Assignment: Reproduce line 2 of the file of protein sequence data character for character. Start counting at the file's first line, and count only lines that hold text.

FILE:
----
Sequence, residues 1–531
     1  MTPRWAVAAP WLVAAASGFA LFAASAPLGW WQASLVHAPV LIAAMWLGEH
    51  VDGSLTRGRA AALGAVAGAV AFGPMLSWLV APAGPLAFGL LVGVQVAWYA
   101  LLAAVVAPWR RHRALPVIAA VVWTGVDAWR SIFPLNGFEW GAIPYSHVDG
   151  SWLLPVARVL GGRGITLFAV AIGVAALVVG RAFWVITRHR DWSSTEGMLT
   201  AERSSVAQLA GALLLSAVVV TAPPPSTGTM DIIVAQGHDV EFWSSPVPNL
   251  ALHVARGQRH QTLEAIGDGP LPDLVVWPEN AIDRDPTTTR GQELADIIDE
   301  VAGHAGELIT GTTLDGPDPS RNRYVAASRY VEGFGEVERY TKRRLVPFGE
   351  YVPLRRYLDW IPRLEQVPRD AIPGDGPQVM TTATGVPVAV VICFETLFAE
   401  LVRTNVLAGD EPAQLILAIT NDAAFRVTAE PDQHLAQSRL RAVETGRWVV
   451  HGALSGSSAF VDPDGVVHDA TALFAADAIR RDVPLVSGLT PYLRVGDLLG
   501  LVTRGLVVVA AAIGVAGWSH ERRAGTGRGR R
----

     1  MTPRWAVAAP WLVAAASGFA LFAASAPLGW WQASLVHAPV LIAAMWLGEH